The respite from the dreary weather will be short-lived as clouds increase again over the weekend with showers developing later Sat. & continuing overnight into Sunday.
A nice warm-up for the following week as the weather pattern remains active with another storm system about midweek. All the while...cold air will be building up in Canada & starting to spill southward into the Northern U.S. The end result will likely be several significant mid month storm systems for the Lower 48.
A solar eruption gracefully rose up from the sun on December 31, 2012, twisting and turning. Magnetic forces drove the flow of plasma, but without sufficient force to overcome the sun’s gravity much of the plasma fell back into the sun. This four–hour event was captured by NASA’s Solar Dynamics Observatory with image every 36 seconds.
Click here to see the video.
Earth Gauge: Radon Action Month
January is National Radon Action Month. What is radon? Radon is a radioactive gas produced when uranium in soil decays; it can be found all over the United States. Radon gas moves up through the ground into your home through cracks and holes in the foundation, becoming trapped inside. The U.S. Environmental Protection Agency estimates that about one out of every 15 homes has elevated radon levels. You can’t see, smell or taste radon, but it can be harmful – it is the second leading cause of lung cancer in the United States.
Tip: Winter is a great time to test your home for radon. When windows and doors are sealed tightly, radon levels inside your home can rise. Testing is easy, inexpensive and only takes a few minutes. If you find high levels of radon in your home, the problem can be fixed! Some radon reduction systems can reduce levels in your home by up to 99 percent.
· Reducing Radon Levels in Your Home
· State Radon Contacts for local information
· Radon-Resistant New Construction for home-buyers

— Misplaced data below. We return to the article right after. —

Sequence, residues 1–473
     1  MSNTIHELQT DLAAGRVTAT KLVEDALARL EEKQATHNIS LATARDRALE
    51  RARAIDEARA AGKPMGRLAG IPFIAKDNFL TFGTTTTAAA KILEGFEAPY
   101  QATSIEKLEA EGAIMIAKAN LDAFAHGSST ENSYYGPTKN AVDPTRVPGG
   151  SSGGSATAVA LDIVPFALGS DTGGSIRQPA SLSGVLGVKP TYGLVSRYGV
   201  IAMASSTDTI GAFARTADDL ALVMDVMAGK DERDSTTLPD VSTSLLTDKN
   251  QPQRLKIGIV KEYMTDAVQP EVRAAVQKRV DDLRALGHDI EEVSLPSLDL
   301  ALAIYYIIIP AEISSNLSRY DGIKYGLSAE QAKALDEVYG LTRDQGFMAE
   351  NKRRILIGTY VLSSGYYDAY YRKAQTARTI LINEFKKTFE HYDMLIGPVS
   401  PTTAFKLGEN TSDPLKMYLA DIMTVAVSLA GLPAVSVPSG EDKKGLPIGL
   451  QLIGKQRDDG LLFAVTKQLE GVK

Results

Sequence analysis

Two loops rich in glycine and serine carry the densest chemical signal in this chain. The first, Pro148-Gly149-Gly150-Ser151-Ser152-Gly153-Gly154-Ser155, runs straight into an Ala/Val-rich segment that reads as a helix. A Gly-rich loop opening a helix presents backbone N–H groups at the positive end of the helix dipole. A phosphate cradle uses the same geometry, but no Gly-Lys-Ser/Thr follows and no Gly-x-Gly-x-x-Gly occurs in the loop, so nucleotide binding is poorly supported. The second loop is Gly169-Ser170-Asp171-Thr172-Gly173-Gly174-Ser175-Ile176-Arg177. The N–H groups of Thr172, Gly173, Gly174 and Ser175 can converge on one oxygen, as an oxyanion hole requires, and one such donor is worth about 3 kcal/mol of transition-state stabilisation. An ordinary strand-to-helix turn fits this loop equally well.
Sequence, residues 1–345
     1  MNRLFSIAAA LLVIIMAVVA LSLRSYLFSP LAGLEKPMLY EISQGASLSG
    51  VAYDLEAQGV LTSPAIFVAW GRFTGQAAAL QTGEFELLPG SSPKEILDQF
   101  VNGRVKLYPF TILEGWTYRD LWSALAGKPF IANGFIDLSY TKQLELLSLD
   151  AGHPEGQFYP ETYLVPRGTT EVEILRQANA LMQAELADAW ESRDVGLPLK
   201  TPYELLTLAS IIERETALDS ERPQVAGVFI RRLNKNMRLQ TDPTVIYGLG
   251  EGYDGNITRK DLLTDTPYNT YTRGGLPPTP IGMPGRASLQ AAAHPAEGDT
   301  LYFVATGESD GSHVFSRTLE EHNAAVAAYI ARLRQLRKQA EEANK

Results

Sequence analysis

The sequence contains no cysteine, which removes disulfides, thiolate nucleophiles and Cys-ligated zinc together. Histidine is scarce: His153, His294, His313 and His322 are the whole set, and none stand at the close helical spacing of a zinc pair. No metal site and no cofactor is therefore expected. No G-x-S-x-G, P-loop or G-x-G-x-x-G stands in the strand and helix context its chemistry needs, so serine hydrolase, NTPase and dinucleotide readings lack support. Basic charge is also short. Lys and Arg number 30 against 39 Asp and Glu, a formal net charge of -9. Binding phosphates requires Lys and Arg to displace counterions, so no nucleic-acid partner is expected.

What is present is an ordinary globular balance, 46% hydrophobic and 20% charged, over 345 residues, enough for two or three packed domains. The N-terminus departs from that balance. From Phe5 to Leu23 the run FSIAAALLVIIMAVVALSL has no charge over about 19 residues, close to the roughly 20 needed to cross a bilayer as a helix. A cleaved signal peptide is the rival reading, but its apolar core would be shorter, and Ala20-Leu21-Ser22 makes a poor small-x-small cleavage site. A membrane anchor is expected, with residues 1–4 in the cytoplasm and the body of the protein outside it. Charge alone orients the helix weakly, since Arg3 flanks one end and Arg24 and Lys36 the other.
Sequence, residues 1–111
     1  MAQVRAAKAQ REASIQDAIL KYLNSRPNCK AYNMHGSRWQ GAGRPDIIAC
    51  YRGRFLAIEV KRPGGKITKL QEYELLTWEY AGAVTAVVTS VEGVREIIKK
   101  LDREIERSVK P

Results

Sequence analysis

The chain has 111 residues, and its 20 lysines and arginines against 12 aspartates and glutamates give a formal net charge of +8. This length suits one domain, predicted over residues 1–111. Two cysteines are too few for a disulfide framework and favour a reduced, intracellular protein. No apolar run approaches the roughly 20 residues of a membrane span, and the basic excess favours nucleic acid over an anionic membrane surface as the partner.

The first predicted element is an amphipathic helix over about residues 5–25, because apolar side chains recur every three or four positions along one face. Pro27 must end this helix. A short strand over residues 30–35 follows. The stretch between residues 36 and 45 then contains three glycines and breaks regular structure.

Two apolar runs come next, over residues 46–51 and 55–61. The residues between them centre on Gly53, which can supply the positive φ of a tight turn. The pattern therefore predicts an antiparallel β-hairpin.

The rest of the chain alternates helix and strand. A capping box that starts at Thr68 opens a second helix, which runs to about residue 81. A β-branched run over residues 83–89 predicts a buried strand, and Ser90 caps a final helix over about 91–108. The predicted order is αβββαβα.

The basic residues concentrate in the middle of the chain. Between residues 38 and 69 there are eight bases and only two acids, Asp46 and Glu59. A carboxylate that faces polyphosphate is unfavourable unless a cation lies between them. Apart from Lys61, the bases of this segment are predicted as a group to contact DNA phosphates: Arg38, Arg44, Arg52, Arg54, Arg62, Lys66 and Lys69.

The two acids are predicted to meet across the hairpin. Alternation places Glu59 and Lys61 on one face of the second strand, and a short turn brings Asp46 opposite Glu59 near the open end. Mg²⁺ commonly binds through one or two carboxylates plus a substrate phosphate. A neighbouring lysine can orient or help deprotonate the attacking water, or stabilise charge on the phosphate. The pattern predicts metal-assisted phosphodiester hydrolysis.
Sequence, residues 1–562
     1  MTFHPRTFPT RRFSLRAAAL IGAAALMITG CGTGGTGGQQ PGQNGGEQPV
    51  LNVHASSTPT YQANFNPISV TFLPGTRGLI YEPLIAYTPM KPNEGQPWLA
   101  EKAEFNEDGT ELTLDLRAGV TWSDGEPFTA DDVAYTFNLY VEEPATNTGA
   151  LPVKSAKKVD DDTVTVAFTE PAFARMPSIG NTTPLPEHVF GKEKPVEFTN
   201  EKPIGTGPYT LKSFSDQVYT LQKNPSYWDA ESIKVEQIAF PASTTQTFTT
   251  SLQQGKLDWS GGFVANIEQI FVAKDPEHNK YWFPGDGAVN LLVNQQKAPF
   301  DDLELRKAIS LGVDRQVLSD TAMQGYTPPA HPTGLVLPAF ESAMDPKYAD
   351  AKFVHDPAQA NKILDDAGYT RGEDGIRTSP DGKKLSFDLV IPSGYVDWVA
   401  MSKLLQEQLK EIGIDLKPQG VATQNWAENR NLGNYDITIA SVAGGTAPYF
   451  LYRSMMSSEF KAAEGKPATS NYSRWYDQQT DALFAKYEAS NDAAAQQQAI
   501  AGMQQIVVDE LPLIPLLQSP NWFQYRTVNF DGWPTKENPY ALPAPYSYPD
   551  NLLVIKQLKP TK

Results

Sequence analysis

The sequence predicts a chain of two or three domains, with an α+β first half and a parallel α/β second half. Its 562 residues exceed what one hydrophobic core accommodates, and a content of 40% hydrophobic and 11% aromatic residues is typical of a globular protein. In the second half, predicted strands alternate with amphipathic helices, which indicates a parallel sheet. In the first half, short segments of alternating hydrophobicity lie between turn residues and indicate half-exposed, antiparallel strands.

· EPA’s Living Healthy & Green Radon PSA and other media materials
(Source: U.S. Environmental Protection Agency. “A Citizen’s Guide to Radon.”)
Climate Number: 73,880 Years Ago
The Toba supereruption on the Indonesian island of Sumatra about 74,000 years ago was very likely the biggest volcanic eruption of the past two million years. Ash deposits from the eruption have been found in the Gulf of Arabia, the southern Indian Ocean and South China Sea, indicating the global impacts of this event. Unlike eruptions at higher latitudes, large volcanic eruptions in the tropics can access winds that carry ash and sulfate aerosol emissions across the globe. Eruptions can significantly cool the globe, particularly when large amounts of sulfate from tropical volcanoes make their way into the stratosphere, the layer of the atmosphere above the lowest or troposphere layer. Analysis of the proportion of different Argon isotopes present in one of the eruption’s ash deposits that fell on a nearby island date the Toba event to 73,880 years ago (± 320 years). Evidence from Greenland suggests that this event had a global cooling effect. Each year, snow accumulates on the Greenland Ice Sheet and is compacted, forming annual deposits that record the climate conditions present at the time. Core samples taken reveal a clear sulfate deposit on a series of layers several thousand meters below the modern day surface. The estimated age of this deposit corresponds closely to the approximate timing of the volcanic eruption, strongly suggesting a connection. The ice core also shows a strong, 16 degree Fahrenheit cooling event that occurred in Greenland over the 150 years following the sulfate layer, likely linked to the eruption. Such a strong cooling in Greenland indicates a globally significant cooling event.
For comparison: Modern humans with tools, language and fire were beginning to spread across the globe around 73,800 years ago. Debate about the geographic extent of modern humans at this time could be informed by these findings: ash from the volcanic eruption preserved stone tools on a river terrace in Malaysia and in India, although further analysis will be necessary to determine whether they were made by modern humans or by another now extinct Homo species. The cooling following the eruption would have significantly lowered sea levels, which also helps to date human movements as less ocean and more land surface would have facilitated the spread of people.
(Source: Storey, M et al. “Astronomically calibrated 40Ar/39Ar age for the Toba supereruption and global synchronization of late Quaternary records.” PNAS 109 (2012): 18684-18688.)